Personal Immigration

Crowd-funding and Tier 1 (Entrepreneur) Applications

The UK government has been doing all it can to encourage London to become a centre for innovation and entrepreneurship and a hub for technology experts. Significant resources have been allocated to developing Tech City (Silicon Roundabout) and there are a range of tax incentives for those in the technology sector.

Immigration, too, plays an important part in the government's plans. They are keen to develop not just a hub of technological expertise, but also attract foreign investment into the UK. One way this is achieved is through the Tier 1 (Entrepreneur) Migrant visa.

For entrepreneur applicants there are two key aspects of the application; the Immigration Rules require that an applicant must genuinely intend and be able to invest in a new or established UK registered business. This involves both a cash investment, and an active role in the running of a UK business.

For those interested in the technology industry, it is the first requirement of the cash investment that can sometimes be the one that presents the most difficulty.

The level of investment needed for most applicants will be £200,000. This is undoubtedly a lot of money, especially when you consider that the average age of Entrepreneurs in the UK is decreasing rapidly. Tech City specifically targets 18-25 year olds with courses to assist young people in starting their own business. For someone in this age bracket, then, £200,000 can be an insurmountable hurdle to their application to come to the UK.

But with the changing dynamics of business, particularly in the technology sector, individuals are seeking new and innovative ways to fund their business projects.

Crowd-funding has been made popular through Kickstarter and other similar platforms which allow those with a business idea to seek funding from individuals, who think their business idea is worthwhile, rather than going through banks or venture capitalists. It has been used to fund computer games, films and technology. While a bank or venture capitalist might offer a large sum of money, for example £200,000 for a share in equity in the business, a crowd-funded project may receive 200 pledges of just £1,000 to reach the same level of investment, and this investment may be made in exchange for other benefits, rather than equity in the company.

While this, in theory, could be an option for a budding entrepreneur, the difficultly with applying to come to the UK as an Entrepreneur on this basis, would be how such an application would be viewed by the Home Office.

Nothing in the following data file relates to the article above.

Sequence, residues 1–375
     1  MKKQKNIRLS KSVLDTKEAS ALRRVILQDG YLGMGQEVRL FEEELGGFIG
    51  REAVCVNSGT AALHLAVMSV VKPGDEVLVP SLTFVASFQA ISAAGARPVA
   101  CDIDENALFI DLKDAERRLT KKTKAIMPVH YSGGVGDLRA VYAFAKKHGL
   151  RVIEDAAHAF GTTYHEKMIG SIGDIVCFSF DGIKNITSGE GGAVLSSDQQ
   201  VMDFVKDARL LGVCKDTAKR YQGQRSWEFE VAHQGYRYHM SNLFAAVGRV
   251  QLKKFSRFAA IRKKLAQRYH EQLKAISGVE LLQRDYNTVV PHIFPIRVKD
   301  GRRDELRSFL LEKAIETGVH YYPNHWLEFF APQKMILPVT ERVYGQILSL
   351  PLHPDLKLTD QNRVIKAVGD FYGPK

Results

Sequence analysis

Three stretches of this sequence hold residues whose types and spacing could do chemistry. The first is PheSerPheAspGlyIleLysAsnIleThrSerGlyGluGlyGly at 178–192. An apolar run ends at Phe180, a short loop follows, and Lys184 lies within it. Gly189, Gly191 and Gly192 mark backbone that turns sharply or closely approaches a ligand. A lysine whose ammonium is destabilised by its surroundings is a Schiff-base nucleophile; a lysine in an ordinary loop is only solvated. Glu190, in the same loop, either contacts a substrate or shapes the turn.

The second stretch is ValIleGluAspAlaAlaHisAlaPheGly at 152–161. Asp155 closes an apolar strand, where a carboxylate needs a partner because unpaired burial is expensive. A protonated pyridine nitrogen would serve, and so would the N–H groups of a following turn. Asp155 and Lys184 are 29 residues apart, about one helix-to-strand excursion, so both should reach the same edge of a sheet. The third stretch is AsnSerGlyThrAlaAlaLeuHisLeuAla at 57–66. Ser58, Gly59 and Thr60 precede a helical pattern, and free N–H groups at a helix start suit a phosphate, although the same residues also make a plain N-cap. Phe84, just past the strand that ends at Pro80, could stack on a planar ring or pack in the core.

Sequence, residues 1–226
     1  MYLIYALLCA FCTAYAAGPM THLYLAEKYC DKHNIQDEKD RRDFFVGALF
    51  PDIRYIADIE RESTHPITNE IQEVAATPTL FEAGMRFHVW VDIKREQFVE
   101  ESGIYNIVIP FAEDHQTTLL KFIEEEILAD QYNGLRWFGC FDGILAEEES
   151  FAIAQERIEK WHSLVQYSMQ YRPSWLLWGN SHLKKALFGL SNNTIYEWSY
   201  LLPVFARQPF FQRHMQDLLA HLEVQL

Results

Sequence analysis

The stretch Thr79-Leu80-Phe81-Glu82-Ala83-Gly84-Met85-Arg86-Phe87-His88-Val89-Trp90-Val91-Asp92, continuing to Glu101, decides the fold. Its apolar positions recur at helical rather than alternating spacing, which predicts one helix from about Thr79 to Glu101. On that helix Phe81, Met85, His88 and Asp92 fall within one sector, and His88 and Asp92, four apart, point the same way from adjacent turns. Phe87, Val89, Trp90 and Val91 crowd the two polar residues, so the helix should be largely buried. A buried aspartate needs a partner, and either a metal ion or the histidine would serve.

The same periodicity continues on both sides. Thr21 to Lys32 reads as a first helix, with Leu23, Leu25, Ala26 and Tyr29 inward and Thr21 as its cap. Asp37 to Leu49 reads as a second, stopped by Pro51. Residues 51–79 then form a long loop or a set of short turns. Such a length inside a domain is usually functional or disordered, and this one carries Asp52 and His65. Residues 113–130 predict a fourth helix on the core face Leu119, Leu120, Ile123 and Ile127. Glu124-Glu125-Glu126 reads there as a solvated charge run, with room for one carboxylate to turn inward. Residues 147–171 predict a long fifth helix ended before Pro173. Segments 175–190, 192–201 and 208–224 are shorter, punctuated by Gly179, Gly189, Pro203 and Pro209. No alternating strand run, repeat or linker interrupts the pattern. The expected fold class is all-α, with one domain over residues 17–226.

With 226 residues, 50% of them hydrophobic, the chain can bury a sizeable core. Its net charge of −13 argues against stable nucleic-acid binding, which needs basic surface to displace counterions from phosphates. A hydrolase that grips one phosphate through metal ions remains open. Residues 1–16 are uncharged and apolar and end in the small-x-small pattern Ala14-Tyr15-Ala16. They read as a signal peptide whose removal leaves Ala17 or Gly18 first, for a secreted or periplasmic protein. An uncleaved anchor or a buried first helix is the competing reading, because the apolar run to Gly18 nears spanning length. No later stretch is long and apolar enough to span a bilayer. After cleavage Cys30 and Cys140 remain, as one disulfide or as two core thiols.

The Home Office must be satisfied that the money is genuinely available to the Applicant. The funds must be either already invested in the UK business with accounts showing a cash investment in the name of the applicant, or they can be held in the applicant's own bank account (in the UK or abroad) or in the accounts of third parties (in the UK or abroad).

This allows an applicant some degree of flexibility over their funding at the time of application. However, if the funds have not been invested in the UK business in the applicant's name or have not been held in the applicant's own account for a substantial amount of time at the date of application, it will be necessary to provide a large amount of documentary evidence to show that the funds are genuinely available to the applicant.

This presents a number of difficulties. On a practical level, it may be challenging to find an approach that will simultaneously satisfy the Home Office and funders. Also, if an applicant did have, as an example, third party support from 200 individuals, the amount of evidence required to demonstrate this would make the application process so laborious, that when considered in the context of the fast-paced world of technology start-ups, it would mean that the original business idea may cease to be viable before the application could even be made.
This is an extreme example though, and in the right circumstances, it is at least in theory possible to have a crowd-funded entrepreneur application. This is on the proviso that the applicant meets all the other requirements of the Immigration Rules, and in particular that they can demonstrate that they have genuine and realistic plans for a viable business and the necessary skills and experience to take an active role in running that UK business.

For advice or assistance with preparing an application to enter, or remain in, the UK as a Tier 1 Entrepreneur, contact our immigration barristers in Covent Garden London on 0203 617 9173 or by email to info@richmondchambers.com.

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